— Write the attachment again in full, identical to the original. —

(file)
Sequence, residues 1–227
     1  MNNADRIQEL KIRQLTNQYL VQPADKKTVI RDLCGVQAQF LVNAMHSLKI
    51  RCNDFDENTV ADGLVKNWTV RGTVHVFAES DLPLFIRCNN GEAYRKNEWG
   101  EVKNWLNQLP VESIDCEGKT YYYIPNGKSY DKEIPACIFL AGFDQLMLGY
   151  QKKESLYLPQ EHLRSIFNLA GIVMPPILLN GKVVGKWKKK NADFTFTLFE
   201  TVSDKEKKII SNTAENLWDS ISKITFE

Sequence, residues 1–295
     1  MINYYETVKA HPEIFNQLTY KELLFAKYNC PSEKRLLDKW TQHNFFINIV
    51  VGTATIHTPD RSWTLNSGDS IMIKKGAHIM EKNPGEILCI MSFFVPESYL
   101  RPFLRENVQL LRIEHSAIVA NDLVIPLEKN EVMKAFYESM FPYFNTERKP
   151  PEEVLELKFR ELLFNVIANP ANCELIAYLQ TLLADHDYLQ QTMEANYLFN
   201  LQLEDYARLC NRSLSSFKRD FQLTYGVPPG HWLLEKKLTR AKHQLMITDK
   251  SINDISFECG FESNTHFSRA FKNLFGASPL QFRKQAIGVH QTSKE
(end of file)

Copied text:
Sequence, residues 1–227
     1  MNNADRIQEL KIRQLTNQYL VQPADKKTVI RDLCGVQAQF LVNAMHSLKI
    51  RCNDFDENTV ADGLVKNWTV RGTVHVFAES DLPLFIRCNN GEAYRKNEWG
   101  EVKNWLNQLP VESIDCEGKT YYYIPNGKSY DKEIPACIFL AGFDQLMLGY
   151  QKKESLYLPQ EHLRSIFNLA GIVMPPILLN GKVVGKWKKK NADFTFTLFE
   201  TVSDKEKKII SNTAENLWDS ISKITFE

Sequence, residues 1–295
     1  MINYYETVKA HPEIFNQLTY KELLFAKYNC PSEKRLLDKW TQHNFFINIV
    51  VGTATIHTPD RSWTLNSGDS IMIKKGAHIM EKNPGEILCI MSFFVPESYL
   101  RPFLRENVQL LRIEHSAIVA NDLVIPLEKN EVMKAFYESM FPYFNTERKP
   151  PEEVLELKFR ELLFNVIANP ANCELIAYLQ TLLADHDYLQ QTMEANYLFN
   201  LQLEDYARLC NRSLSSFKRD FQLTYGVPPG HWLLEKKLTR AKHQLMITDK
   251  SINDISFECG FESNTHFSRA FKNLFGASPL QFRKQAIGVH QTSKE